Stay Focused One of the biggest challenges to giving any type of presentation is staying focused on the topic at hand. Its like a new thought just “pops” into your head mid-sentence, and before you know it, you have followed that string right down a rabbit hole that has nothing to do with the original topic. Now, while this is bad enough in a classroom setting, in E- Learning it can be devastating and impossible to recover from. To combat this reality, build the outline we talked about earlier….and then stick to it!
Use video and audio to convey your message more effectively. Dynamic content, such as a brief video that illustrates an important point, is a great way to engage your audience. Using audio that helps convey your message, like recorded narration (you can add this to slides when sending your presentation to others to view), can also help keep your slides clean and approachable.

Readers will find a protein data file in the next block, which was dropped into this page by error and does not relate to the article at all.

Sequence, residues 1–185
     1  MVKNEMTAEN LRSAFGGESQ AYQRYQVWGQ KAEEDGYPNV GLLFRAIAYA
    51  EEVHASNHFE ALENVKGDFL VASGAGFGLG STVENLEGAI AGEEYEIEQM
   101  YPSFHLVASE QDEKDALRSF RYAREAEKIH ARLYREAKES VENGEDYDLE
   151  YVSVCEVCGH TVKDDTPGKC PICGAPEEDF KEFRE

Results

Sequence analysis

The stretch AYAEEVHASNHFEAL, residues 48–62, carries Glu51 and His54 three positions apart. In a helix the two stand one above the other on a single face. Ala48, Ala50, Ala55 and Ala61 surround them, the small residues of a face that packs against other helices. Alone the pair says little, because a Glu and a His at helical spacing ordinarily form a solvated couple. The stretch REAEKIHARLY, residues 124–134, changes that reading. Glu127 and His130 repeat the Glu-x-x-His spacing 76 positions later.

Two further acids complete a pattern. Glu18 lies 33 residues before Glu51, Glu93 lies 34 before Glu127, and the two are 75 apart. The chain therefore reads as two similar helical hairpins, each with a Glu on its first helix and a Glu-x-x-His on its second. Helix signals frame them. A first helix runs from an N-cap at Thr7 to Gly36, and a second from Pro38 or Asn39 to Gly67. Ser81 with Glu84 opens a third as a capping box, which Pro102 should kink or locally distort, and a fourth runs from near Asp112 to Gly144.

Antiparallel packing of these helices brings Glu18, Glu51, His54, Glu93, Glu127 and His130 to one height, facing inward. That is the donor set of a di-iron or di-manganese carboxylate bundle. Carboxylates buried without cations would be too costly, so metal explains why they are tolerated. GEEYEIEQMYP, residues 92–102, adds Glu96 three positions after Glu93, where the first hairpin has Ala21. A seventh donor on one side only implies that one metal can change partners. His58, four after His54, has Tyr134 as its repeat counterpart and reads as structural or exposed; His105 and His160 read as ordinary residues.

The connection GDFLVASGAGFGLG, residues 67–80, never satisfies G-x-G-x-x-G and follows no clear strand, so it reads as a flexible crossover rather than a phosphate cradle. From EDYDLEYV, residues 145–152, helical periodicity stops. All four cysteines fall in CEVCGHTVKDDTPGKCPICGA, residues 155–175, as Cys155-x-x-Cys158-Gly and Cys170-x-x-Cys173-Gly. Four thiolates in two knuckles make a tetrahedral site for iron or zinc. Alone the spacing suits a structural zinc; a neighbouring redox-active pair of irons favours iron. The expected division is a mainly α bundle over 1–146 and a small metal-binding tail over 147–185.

Use graphics to emphasize key points A well-chosen chart or diagram can often convey much more to your audience than can boring bulleted text. Fortunately, creating charts and graphics has never been easier. In Office 2010 and Office 2007, Office graphics coordinate automatically with the active theme in your presentation.